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Board of Science and Education

Genetically modified foods and health:
a second interim statement

The 1999' interim report of the British Medical Association is used as a very strong argument by all opponents of GMO.

Therefore it is useful to learn the second interim statement that can be found on We are presenting here the Introduction and Conclusions.


The advent of genetically modified (GM) technology has raised concerns about technological advances in food production to an unprecedented level and it has proved difficult to hold a balanced and objective debate. Individuals and organizations are all too readily perceived as for or against genetic modification of food crops, and this has not helped us understand the implications or make decisions based on a clear examination of risks and benefits.

The BMA produced an interim report in 1999 on the health implications of GM food crops. In accordance with our intention to keep the public informed, we held a round table meeting of experts in June 2003 and have recently reviewed the emerging evidence. In producing an update of our 1999 report, the BMA seeks to support balanced debate. As an organization of doctors, we are not experts in agricultural techniques and crop science, but we are concerned with all issues of public health. The environment in which we live, the air we breathe, the water we drink and the food we eat, all have an impact on our health as individuals. It is this context that the following statement has been prepared.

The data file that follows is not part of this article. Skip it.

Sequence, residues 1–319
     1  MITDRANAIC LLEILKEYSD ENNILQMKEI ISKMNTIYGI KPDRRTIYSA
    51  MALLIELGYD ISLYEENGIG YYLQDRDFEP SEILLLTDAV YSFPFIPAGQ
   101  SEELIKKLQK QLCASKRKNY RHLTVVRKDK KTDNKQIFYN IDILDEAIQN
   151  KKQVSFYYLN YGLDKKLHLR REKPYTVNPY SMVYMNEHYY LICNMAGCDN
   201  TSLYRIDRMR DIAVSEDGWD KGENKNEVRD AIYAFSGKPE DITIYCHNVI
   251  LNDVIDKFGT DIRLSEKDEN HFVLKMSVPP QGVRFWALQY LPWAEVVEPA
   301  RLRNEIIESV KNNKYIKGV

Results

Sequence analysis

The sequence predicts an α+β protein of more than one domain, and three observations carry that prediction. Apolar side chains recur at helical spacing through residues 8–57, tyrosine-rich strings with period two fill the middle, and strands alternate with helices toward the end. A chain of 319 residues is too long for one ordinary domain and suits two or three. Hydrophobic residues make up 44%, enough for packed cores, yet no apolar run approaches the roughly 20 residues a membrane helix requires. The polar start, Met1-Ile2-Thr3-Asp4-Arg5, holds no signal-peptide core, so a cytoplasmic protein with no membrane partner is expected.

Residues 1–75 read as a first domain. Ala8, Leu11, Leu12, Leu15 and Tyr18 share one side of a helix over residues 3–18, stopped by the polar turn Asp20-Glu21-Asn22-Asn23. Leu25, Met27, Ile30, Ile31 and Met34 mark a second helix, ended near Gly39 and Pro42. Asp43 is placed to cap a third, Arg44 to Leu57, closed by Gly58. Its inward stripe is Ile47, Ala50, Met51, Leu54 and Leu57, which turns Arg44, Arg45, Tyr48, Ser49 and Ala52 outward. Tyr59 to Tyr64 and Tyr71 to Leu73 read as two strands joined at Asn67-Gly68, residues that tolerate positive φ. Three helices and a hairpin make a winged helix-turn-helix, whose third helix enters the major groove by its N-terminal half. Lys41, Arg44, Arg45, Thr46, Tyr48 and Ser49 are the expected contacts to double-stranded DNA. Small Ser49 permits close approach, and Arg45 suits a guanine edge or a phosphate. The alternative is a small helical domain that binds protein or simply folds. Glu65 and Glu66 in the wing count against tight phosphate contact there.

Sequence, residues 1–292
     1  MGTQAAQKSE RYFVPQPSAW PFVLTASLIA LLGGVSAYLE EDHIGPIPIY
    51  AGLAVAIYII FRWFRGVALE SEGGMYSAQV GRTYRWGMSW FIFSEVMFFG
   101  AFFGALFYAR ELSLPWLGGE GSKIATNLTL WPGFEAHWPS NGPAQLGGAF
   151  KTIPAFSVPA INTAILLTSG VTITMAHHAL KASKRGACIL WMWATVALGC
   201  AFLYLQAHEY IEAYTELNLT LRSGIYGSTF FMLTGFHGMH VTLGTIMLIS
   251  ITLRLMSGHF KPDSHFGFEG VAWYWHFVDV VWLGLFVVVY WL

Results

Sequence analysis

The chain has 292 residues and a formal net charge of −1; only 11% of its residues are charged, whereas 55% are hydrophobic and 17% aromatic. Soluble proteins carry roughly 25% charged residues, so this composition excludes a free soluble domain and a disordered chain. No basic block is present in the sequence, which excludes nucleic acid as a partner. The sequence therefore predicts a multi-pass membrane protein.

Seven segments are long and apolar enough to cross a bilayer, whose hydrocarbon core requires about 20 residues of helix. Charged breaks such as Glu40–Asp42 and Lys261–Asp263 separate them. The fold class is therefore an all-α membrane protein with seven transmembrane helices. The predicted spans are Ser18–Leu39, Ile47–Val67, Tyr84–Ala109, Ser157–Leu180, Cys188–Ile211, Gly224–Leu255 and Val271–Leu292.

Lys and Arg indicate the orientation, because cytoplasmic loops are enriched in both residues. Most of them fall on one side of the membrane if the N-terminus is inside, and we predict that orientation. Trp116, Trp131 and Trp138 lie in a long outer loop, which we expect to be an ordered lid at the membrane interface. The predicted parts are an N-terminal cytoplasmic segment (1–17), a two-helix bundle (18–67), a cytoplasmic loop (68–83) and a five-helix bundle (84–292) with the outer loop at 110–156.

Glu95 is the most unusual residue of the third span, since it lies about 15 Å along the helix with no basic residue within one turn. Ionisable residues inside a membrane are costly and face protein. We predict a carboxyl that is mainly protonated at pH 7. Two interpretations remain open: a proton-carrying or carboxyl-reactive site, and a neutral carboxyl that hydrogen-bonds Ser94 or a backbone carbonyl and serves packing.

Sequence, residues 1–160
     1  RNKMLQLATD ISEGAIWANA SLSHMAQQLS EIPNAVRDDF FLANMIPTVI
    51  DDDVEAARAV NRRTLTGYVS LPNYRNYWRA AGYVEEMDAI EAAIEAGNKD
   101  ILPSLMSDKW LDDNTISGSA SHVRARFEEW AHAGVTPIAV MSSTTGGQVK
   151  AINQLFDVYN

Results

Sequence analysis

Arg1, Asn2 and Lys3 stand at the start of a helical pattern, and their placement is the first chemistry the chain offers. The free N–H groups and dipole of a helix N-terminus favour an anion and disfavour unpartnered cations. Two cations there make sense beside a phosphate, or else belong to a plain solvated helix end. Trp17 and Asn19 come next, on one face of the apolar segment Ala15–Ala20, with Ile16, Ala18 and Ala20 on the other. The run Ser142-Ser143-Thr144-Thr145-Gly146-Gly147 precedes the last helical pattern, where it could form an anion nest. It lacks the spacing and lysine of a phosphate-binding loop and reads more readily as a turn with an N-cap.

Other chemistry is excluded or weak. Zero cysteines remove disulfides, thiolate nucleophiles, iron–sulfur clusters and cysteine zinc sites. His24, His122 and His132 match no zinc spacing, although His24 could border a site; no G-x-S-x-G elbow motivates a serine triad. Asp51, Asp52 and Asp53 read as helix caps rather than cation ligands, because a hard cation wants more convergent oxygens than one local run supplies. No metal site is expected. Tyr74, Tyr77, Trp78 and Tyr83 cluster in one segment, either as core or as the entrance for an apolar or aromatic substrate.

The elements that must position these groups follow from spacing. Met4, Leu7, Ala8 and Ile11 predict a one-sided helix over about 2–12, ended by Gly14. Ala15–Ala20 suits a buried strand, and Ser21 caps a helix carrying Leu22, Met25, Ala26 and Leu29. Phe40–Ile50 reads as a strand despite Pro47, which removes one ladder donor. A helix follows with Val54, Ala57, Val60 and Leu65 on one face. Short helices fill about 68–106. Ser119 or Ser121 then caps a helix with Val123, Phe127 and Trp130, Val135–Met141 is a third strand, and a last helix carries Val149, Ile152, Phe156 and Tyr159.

Conclusions regarding GM foods and health

The Royal Society review (2002) concluded that the risks to human health associated with the use of specific viral DNA sequences in GM plants are negligible, and while calling for caution in the introduction of potential allergens into food crops, stressed the absence of evidence that commercially available GM foods cause clinical allergic manifestations.

The BMA shares the view that that there is no robust evidence to prove that GM foods are unsafe but we endorse the call for further research and surveillance to provide convincing evidence of safety and benefit.

Epidemiological health surveillance will remain impractical while so few of the UK population are exposed to GM foods. In the USA where a much larger proportion of the population has been exposed, food-derived illnesses are on the increase, although any suggestion that this could be linked to GM foods is not supported by scientific evidence. It is noteworthy that hospital admissions for systemic allergic disorders, including food allergy, increased significantly in England between 1990-91 and 2000-01 despite very low levels of exposure to GM foods. However, this debate underlines the need for the UK to take steps now to improve its nutritional and related health surveillance.

The BMA still considers that with several caveats (notably adequate risk assessment procedures, independent and rigorous testing of novel foods, adequate post marketing surveillance and proper regulation), genetically modified food has enormous potential to benefit both the developed and the developing world in the long-term. Continuing sound scientific research will provide the only means of eliminating the uncertainty that still surrounds the environmental and health impact of GM crops.""

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